The second Intifada hardened Israel in the face of terror attacks and boosted Hamas, but did not take away the basic willingness of the majority of Israelis to withdraw from most of the territories in exchange for a diplomatic-security agreement.
There is no doubt that US President Barack Obama referred to the lessons of the second Intifada last week when he addressed the Palestinians in his clearly Zionistic speech (“Israel is the historical homeland of the Jewish people”) at the UN General Assembly, telling them that their rights can only be realized in peaceful ways, via genuine reconciliation with a secure Israel.
In that same speech, Obama designated the attainment of Israeli-Arab peace as his top global objective. An urgent, burning mission. This means that Israel is approaching fateful decisions; among the most fateful in its history.
How ready are we for these decisions? Are we even interested in them? Karl Vick, the Israel correspondent for Time Magazine, captured the current Israeli mood in a cover story published two weeks ago under the headline “Why Israel doesn’t care about peace.” His answer: Israelis don’t care because they live well, surrounded by happiness and wealth, within a growing economy, with a rising standard of living, a strong currency, and lively culture.
For Israelis, the occupation, the Palestinians, and the settlers have remained beyond the fence. If Israelis are losing sleep, it’s not because of some statement issued by Mahmoud Abbas, but rather, because of the deteriorating state of education and rising crime rate.
End to repressionRegardless of whether Time’s insights are fully or partly accurate, they properly reflect the Israeli street as of the end of the summer of 2010. It is so similar to the Israeli street a decade ago, at the end of the summer of 2000.
Back then, we were intoxicated by the calm on the security front, the fastest economic growth in the West – at 9% annually – and a wave of tourism. Back then, just like today, we put our trust in the flourishing Palestinian economy, which was supposed to uproot the notion of armed struggle from the Palestinian psyche once and for all.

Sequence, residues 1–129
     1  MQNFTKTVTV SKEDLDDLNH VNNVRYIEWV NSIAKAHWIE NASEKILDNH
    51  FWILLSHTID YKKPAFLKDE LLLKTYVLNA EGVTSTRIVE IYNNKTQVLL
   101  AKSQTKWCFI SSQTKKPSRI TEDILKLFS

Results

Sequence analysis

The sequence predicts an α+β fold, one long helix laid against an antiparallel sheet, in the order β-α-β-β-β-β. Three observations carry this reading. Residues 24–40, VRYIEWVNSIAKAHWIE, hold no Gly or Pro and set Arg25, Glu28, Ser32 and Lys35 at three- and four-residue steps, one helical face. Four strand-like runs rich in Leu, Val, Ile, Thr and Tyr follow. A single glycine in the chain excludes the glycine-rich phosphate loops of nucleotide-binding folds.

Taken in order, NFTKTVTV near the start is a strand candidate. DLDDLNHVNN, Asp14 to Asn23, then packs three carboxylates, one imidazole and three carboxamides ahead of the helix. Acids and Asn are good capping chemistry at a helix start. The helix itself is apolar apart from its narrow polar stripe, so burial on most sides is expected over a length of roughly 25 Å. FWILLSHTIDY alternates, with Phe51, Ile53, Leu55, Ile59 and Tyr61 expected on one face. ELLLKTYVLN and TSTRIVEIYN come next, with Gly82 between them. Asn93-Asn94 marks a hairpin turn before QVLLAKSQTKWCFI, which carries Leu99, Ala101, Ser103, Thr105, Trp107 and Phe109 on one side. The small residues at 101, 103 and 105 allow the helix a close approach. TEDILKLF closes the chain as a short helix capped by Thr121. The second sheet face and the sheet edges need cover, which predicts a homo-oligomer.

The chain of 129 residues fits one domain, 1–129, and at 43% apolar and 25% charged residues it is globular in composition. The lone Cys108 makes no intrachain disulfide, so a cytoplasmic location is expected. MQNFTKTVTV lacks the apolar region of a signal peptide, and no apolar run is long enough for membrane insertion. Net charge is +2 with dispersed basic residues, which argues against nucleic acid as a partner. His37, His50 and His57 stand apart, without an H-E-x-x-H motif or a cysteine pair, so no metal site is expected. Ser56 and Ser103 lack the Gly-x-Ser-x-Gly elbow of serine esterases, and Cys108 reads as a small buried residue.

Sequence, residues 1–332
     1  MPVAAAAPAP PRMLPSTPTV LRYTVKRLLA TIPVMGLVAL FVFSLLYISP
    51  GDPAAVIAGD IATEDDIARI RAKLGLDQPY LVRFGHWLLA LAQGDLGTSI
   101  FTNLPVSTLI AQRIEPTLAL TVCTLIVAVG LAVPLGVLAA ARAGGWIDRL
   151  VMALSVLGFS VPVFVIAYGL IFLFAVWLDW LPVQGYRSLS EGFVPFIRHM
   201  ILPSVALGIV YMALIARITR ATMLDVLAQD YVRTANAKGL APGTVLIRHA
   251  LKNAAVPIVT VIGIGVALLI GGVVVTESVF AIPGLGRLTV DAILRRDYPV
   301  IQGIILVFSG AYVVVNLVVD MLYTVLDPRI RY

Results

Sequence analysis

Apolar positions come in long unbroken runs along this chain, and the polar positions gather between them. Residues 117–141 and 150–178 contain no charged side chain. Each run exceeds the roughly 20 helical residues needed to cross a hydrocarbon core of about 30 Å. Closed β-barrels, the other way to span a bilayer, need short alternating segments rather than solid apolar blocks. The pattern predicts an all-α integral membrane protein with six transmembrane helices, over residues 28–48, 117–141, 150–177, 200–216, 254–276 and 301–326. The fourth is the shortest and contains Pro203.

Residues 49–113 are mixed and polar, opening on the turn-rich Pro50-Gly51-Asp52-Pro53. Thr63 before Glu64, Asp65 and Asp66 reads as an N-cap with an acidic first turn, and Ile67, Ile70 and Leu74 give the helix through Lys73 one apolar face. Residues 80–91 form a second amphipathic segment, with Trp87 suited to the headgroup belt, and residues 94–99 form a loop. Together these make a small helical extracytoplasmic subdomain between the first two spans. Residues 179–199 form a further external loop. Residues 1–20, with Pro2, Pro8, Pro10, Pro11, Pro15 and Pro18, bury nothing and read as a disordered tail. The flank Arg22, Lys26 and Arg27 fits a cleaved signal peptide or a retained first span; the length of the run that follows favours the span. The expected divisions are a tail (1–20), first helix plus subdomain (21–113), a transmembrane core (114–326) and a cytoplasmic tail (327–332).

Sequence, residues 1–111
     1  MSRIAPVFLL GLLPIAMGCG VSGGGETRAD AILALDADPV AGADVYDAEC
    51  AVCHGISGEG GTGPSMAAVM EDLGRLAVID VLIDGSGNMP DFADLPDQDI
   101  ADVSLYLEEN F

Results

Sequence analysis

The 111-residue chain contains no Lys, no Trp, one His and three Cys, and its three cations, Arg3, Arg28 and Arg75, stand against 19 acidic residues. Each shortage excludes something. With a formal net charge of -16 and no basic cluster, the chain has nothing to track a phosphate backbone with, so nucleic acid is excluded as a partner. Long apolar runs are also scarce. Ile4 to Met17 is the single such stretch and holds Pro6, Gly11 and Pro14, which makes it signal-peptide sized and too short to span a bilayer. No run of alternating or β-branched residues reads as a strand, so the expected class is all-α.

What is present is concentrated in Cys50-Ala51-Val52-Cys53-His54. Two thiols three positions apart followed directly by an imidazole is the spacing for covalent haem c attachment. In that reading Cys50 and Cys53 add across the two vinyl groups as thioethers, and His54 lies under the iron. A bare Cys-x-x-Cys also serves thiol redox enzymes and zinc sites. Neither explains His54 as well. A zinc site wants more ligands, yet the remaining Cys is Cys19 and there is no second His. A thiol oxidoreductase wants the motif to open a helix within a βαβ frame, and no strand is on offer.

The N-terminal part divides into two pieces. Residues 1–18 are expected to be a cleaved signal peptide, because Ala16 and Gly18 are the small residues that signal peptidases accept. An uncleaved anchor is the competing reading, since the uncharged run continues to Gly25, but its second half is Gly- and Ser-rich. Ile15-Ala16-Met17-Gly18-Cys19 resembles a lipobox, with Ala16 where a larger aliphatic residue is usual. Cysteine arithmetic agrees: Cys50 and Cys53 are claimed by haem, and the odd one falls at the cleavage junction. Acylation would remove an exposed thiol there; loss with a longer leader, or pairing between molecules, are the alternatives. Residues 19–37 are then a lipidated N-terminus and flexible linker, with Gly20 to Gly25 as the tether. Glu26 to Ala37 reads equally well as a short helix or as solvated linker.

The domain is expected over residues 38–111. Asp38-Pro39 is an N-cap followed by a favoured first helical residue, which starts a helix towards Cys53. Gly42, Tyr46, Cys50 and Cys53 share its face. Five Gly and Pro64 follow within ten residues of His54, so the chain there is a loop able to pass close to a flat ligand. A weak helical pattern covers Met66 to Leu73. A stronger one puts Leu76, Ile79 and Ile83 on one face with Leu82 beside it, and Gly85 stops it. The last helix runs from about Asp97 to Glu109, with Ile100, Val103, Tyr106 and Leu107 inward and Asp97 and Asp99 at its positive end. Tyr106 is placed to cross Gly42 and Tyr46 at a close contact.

Unbelievably so, 10 years ago we saw buses packed with Israelis leaving Tel Aviv en route to the casino in Jericho, under full Palestinian control, fearing no terror. Tens of thousands of Israelis shopped at the markets of Ramallah and Tulkarem. Investors from the Gulf planned to build malls for Israelis-only over there.
A little before Rosh Hashana, on September 21, 2000, I had dinner with then-Finance Minister Avraham Shochat, during an International Monetary Fund convention in Prague. We spoke about everything (and mostly about monetary policy, anti-globalization protests, the crashing euro, and the achievements of the Treasury, which finished the year with no deficit) except for the possibility of a second Intifada. No hint of a Palestinian uprising could be seen on the horizon; Ariel Sharon entered Temple Mount a week later, on September 28, 2000.
A decade after the second Intifada broke out, Israel’s public opinion is frustrated by the continuum of talks, meetings, and conventions dubbed “peace process” and ending with failures and explosions. In order to avoid another disappointment to begin with, Israelis have repressed the issue of peace deep into their unconsciousness. However, the repression is nearing its end. The wake-up call is at our doorstep.
You can ask Bibi Netanyahu about it. The prime minister, who has managed to build rare chemistry with the US president, has grown serious and grim, and stopped dealing with nonsense such as bureaucratic renovation laws which he focused on earlier; his face conveys immense responsibility and intense deliberation. The horror of the great national test has taken hold of Netanyahu. Soon, it shall take hold of all of us.
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